The Wall Street bank report adds the disconcerting note, “We anticipated that OPEC would not cut, but we didn’t foresee such a sharp increase.” In short, Washington has completely lost its strategic leverage over Saudi Arabia, a Kingdom that had been considered a Washington vassal ever since FDR’s deal to bring US oil majors in on an exclusive basis in 1945.
That breakdown in US-Saudi communication adds a new dimension to the recent June 18 high-level visit to St. Petersburg by Muhammad bin Salman, the Saudi Deputy Crown Prince and Defense Minister and son of King Salman, to meet President Vladimir Putin. The meeting was carefully prepared by both sides as the two discussed up to $10 billion of trade deals including Russian construction of peaceful nuclear power reactors in the Kingdom and supplying of advanced Russian military equipment and Saudi investment in Russia in agriculture, medicine, logistics, retail and real estate. Saudi Arabia today is the world’s largest oil producer and Russia a close second. A Saudi-Russian alliance on whatever level was hardly in the strategy book of the Washington State Department planners.…Oh shit!
Now the OPEC oil glut the Saudis have created has cracked the shaky US effort to push oil prices back up. The price fall is being further fueled by fears that the Iran deal will add even more to the glut, and that the world’s second largest oil importer, China, may cut back imports or at least not increase them as their economy slows down. The oil market time bomb detonated in the last week of June. The US price of WTI oil went from $60 a barrel then, a level at which at least many shale oil producers can stay afloat a bit longer, to $49 on July 29, a drop of more than 18% in four weeks, tendency down.
Morgan Stanley sounded loud alarm bells, stating that if the trend of recent weeks continues, “this downturn would be more severe than that in 1986. As there was no sharp downturn in the 15 years before that, the current downturn could be the worst of the last 45+ years. If this were to be the case, there would be nothing in our experience that would be a guide to the next phases of this cycle…In fact, there may be nothing in analyzable history.”
October is the next key point for bank decisions to roll-over US shale company loans or to keep extending credit on the (until now) hope that prices will slowly recover. If as strongly hinted, the Federal Reserve hikes US interest rates in September for the first time in the eight years since the global financial crisis erupted in the US real estate market in 2007, the highly-indebted US shale oil producers face disaster of a new scale. Until the past few weeks the volume of US shale oil production has remained at the maximum as shale producers desperately try to maximize cash flow, ironically, laying the seeds of the oil glut globally that will be their demise.
The reason US shale oil companies have been able to continue in business since last November and not declare bankruptcy is the ongoing Federal Reserve zero interest rate policy that leads banks and other investors to look for higher interest rates in the so-called “High Yield” bond market.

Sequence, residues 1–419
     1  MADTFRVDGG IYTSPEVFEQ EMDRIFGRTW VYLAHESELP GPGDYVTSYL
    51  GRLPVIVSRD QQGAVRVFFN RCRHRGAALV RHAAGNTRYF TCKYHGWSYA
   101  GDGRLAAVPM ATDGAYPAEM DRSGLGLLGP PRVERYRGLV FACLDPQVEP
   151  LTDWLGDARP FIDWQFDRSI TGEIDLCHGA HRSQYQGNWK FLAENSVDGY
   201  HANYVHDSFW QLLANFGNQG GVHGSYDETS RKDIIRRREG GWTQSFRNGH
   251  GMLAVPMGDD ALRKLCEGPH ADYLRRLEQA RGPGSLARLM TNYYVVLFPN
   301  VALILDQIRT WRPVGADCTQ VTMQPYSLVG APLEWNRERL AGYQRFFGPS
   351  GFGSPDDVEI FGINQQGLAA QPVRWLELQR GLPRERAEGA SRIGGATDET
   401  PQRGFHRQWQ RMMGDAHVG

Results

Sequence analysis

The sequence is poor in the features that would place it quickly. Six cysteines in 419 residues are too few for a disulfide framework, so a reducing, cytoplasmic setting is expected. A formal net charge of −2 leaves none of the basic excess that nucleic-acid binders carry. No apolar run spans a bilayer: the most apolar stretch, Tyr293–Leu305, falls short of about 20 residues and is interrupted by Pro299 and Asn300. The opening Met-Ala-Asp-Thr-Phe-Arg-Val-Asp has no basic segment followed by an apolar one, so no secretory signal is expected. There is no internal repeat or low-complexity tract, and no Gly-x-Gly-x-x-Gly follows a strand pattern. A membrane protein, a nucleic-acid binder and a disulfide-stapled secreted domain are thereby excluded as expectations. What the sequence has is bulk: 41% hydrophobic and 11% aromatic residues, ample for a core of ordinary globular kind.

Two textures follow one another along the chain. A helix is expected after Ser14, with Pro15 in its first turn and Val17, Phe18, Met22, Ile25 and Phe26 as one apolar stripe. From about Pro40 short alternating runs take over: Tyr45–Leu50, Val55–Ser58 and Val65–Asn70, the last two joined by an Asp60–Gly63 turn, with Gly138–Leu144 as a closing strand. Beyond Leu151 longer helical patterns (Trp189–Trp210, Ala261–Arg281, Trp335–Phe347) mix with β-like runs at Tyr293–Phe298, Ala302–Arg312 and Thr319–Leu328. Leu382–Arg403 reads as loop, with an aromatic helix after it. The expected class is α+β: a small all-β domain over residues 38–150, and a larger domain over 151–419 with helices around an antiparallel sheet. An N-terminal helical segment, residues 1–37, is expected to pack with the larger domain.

Back in the 1980’s when they were first created by Michael Millken and his fraudsters at Drexel Burnham Lambert, Wall Street appropriately called them “junk bonds” because when times got bad, like now for Shale companies, they turned into junk. A recent UBS bank report states, “the overall High-Yield market has doubled in size; sectors that witnessed more buoyant issuance in recent years, like energy and metals mining, have seen debt outstanding triple or quadruple.”
Assuming that the most recent downturn in WTI oil prices continues week after week into October, there well could be a panic run to sell billions of dollars of those High-Yield, high-risk junk bonds. As one investment analyst notes, “when the retail crowd finally does head for the exits en masse, fund managers will be forced to come face to face with illiquid secondary corporate credit markets where a lack of market depth…has the potential to spark a fire sale.”
The problem is that this time, unlike in 2008, the Federal Reserve has no room to act. Interest rates are already near zero and the Fed has bought trillions of dollars of bank bad debt to prevent a chain-reaction US bank panic.
One option that is not being discussed at all in Washington would be for Congress to repeal the disastrous 1913 Federal Reserve Act that gave control of our nation’s money to a gang of private bankers, and to create a public National Bank, owned completely by the United States Government, that could issue credit and sell Federal debt without the intermediaries of corrupt Wall Street bankers as the Constitution intended. At the same time they could completely nationalize the six or seven “Too Big To Fail” banks behind the entire financial mess that is destroying the foundations of the United States and by extension of the role of the dollar as world reserve currency, of most of the world.